If you’re anything like me, you absentmindedly highlight bodies of text as you read them on the computer. You might be doing it right now. This habit hits a hard wall, though, when it comes to reading text in images. Up until now, interacting with the text in an image has been very limited. In modern browsers, trying to highlight text in an image results in dragging the image rather than the familiar white-on-blue highlight. Enter Project Naptha, developed by Kevin Kwok — it’s a Chrome extension that aspires to change the game by recognizing text in every image, in real-time and in your browser.
On top of text translation, Project Naptha is capable of erasing image text. This works by using a technique called “inpainting,” which functions similarly to Adobe PhotoShop’s “content-aware fill” tool. It detects the colors of the image surrounding the text and paints over the text area with these colors. The result is the appearance of “erased” text. The demonstration on Project Naptha’s website also teases the capability to replace image text, which could take things like internet meme generation to a whole new level of ease. Although it runs a bit clunky in certain situations, the result is often passable, especially from a distance.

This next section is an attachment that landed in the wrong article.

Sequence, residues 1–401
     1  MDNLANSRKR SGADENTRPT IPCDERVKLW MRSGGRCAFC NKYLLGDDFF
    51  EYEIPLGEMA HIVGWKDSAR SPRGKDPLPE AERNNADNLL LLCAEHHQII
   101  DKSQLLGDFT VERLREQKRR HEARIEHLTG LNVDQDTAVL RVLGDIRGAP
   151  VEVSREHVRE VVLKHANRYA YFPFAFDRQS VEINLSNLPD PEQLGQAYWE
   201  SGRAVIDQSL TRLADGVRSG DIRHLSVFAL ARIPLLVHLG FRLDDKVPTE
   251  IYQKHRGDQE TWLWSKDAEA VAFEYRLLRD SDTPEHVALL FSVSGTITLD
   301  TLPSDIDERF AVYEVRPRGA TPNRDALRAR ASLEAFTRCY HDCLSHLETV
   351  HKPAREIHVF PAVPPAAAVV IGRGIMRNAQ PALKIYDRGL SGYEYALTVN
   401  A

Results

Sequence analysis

While Project Naptha currently only comes in the form of a browser extension, you will be able to apply the feature set to images on your hard drive by dragging them into the Chrome browser. Simply navigate to the Project Naptha extension in the Chrome Extension settings and enable “allow access to file URLs.”
While other OCR software may be able to do many of the same things, Project Naptha will enable you to do it comfortably. What will you use Project Naptha for?